In Alex’s words, slicer previews are “idealized” representations of the final product, meaning they show the best-case scenario. However, printed filaments may sag or be distorted without proper support. Likewise, surfaces may not be smooth as appeared due to “seams” which show on each layer. Finally, user errors, such as deleting a triangle in a model, might lead to certain layers not appearing (below). To understand this, Alex discussed how slicing from STL-based 3D models work.

Slicers take slices, or cross-sections, of 3D models in the z-direction. From these cross-sections, 2.5D layers are generated. While these layers are based on 2D shapes, they also have a vertical dimension (thickness), leading to them having volume. As a result, slicer software must choose to under- or over-estimate the volume of the slices, which reminded me of estimating Riemann sums in calculus.

At the same time, slicers must also determine whether a point is inside or outside of a watertight cross-section. In the picture above, where a triangle was removed, the slicer can’t resolve the missing surface, preventing layers from being determined.

Although 3D printers seem to be easy-to-use, being mindful of the slicing process is necessary to print a satisfactory product.

Deeper Dive

Today is the end of our courses (C++, SolidWorks, Blender, Unity) and the beginning of our deeper dives. I chose the 3D printing deeper dive with Alex and he gave us a rough overview of what we might do today. For instance, we will disassemble a 3D printer and then reassemble it back.

Personally, I want to overcome my fear of tinkering with items through working on 3D printing. I feel anxious about repairing and disassembling things because of the risk of them breaking. At the same time, I am interested in working on something related to improving the usability of computers for my Mid-Course Assessment (MCA), as sometimes, computers are uncomfortable for me.

HCI: Invisible stove controls

This is the second post of a two-part series about interfaces with that are frustrating for the user.

Another frustrating interface that I am encountering is the stove knobs in my apartment.

Although there is no indication, one can turn the knob from this initial off position in both directions. Furthermore, note that it is not immediately visible how which positions are for high and low heat.

Upon looking in detail, you can see that clockwise from the “MED” indicator, there is a red line, while counterclockwise, there is a very faint white line. This would suggest that you can set the knobs in these positions to create high and low heat respectively. Yet this is not obvious at all, since the indicators are faded.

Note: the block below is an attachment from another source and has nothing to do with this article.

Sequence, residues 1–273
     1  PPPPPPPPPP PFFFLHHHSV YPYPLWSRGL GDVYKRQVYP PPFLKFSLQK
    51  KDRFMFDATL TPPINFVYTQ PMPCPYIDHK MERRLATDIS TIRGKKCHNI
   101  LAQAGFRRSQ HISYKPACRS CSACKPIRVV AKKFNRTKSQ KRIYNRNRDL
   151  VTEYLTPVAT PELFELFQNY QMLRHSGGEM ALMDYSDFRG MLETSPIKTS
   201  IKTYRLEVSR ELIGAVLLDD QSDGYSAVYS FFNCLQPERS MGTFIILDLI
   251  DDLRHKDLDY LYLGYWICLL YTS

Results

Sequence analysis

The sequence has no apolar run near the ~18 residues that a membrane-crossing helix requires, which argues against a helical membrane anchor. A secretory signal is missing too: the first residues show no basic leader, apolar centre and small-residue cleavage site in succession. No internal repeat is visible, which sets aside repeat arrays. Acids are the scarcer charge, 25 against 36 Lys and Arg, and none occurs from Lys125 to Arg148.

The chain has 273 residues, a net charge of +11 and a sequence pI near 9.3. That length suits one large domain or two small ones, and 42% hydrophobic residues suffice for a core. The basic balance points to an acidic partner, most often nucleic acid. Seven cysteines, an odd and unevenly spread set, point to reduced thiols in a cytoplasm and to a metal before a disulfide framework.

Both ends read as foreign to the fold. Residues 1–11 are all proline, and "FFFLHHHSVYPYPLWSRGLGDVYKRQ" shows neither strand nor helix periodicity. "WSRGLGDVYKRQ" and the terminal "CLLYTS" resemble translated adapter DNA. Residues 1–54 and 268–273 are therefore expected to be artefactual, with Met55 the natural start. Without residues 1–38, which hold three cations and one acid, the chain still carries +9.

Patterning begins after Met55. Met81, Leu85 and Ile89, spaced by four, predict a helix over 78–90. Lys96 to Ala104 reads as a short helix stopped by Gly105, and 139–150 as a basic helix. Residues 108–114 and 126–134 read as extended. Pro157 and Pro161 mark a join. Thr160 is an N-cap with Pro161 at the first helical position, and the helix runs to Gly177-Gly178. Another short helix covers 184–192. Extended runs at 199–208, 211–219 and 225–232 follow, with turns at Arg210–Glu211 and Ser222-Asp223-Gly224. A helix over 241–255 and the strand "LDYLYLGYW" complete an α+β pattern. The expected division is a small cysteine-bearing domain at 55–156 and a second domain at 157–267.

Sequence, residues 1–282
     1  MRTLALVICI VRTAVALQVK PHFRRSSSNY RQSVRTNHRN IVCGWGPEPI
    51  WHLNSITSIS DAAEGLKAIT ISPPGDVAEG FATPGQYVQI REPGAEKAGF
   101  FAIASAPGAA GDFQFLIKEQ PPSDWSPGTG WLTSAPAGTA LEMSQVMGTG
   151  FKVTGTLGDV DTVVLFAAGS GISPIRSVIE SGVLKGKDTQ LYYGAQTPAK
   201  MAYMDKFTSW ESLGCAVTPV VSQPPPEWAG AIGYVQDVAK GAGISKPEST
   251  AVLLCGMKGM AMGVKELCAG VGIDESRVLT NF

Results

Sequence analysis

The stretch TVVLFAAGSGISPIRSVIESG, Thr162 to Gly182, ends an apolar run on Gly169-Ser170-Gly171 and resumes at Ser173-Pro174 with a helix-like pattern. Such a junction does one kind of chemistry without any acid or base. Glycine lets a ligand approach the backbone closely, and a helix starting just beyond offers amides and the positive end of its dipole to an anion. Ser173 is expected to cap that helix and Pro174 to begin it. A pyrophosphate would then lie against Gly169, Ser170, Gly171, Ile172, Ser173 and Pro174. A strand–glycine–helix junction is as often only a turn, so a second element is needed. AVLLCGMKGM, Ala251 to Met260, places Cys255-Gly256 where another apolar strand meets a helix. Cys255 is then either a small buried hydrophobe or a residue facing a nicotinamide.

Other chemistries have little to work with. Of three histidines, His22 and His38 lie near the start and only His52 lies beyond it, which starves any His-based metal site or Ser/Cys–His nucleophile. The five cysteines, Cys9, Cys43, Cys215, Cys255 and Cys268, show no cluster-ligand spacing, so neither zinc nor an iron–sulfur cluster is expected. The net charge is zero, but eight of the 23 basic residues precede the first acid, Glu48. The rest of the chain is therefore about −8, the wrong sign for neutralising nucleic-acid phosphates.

To make clear the correct knob positions, the manufacturer should consider the long lifespan of household appliances and take account this lifespan while designing the markings. For example, instead of printing the markings on the high-touch knob surface, it can be printed on the surface behind the knob, which is touched less often and therefore be less susceptible to wear. Then, the long handle of the knob can align with the markings behind it. An even better way would be to emboss the markings so they last even longer.

HCI: Wave to Open

This is the first post of a two-part series about interfaces with that are frustrating for the user.

One way to open doors at ISU is to use the “wave to open” mechanisms. In the entrances to buildings, beside the doors, you can find a square that lets you wave your hands over them to open the doors. This is contrasted with “push to open” buttons that open doors when you push a large button.

I find wave to open much more frustrating than push to open. For waving to open, the extent to which I have to wave to open a door is confusing, because wave to open lacks tactile feedback and the action of waving varies more than pushing a button.

At the same time, I believe that wave to open mechanisms fail more than touch to open. In a side entrance to Howe Hall closest to the bicycle racks, the door opener does not even work or has too long of a delay between registering the waving motion and opening the door.

There are several ways to improve the experience of waving to open doors.

The first improvement is that wave to open can be combined with a push-button mechanism so that individuals who prefer the consistent response of buttons as well as individuals who are unable to push buttons are both accommodated. This can be seen in the pedestrian crossing buttons in University Blvd as I bike to VRAC and back to Freddy each day.

The second improvement is that the wave to open mechanism can play a sound or show a visual cue upon registering the hand motion rather than only depending on the door opening for feedback. For example, when the motion has been registered, the below blue light becomes green and the device beeps. This way, users can stop waving their hands and understand the delay between the motion being registered and the door opening rather than not understanding each process that is occurring and wave their hands for longer than needed.